I thought about the curious relics from my parents, grandmother and Aunt Molly now in my home, my garage and my closets: the slinky black dress with sequined roses on the bodice that my father gave my mother in 1940 when they were dating and a box of the cards and letters they sent each other when their love was new and untested; my mother's scrapbook of her wonderful pre-marriage career; crystal dishes my grandmother used and treasured that have sat, gathering dust, in my china cabinet for more than 40 years; a plastic parrot alarm clock that made Aunt Molly laugh so heartily and that makes me smile at the memory.

It also reminds me that objects don't have nearly the power of warm memories: of my father's stories, my mother's loving embrace, my grandmother's unconditional love, Aunt Molly's laugh and sterling example of a life well lived. 

And then there are the memories of a wonderfully talented actor named Davy Jones whose unforgettable performances on stage and television thrilled a generation of young people now growing old..... and whose great kindness and compassion beyond the spotlight, when no one was looking, comprise his most enduring legacy.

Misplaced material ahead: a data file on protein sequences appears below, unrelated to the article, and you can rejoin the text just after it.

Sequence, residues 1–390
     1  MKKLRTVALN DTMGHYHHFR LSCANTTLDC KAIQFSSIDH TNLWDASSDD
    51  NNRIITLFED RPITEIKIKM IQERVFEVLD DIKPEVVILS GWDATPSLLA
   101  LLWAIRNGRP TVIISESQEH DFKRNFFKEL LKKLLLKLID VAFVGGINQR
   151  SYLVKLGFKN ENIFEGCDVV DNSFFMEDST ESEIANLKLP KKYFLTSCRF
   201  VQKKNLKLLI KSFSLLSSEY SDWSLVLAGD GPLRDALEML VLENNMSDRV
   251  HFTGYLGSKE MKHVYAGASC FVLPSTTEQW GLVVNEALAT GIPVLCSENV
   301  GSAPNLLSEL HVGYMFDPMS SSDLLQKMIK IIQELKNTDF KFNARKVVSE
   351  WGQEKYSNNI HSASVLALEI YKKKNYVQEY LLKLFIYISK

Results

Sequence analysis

Wednesday, May 6, 2015

Celebrating Seventy

I had imagined that my birthday would be quiet and uneventful and, since this birthday was a major one, I was feeling a little sorry for myself -- sorry that my closest friends and extended family live so far away. I wanted to celebrate being only the second person for several generations on the McCoy side of the family to reach 70. (The first was Aunt Molly, whose 70th birthday we celebrated with great ceremony and joy in 1987.)

I was just finishing a blog post when Bob poked his head in the door of my writing casita. "Why don't we go to lunch at the Grille?" he asked. "To celebrate your birthday."

I was puzzled. "But my birthday is tomorrow."

"Well, let's spread the celebration out," he said with a smile. "Tomorrow maybe we'll have dinner out. Live dangerously. Eat out twice in one week!"

We laughed. I finished the post and, five minutes later, walked in the front door of our main house and there was the most fantastic birthday present: my dear friend Mary Breiner, who lives in California, leaping off the couch and into my arms.

Amid delighted squeals, tears, and hugs, Mary, my friend for 43 years, and Bob, my husband of 38 years, told me that they had been planning this surprise for months. Bob had told me that he had a business meeting that morning while he was really picking Mary up at the airport in Phoenix. They high-fived each other, thrilled that they had pulled this covert birthday plan off and we headed out for lunch.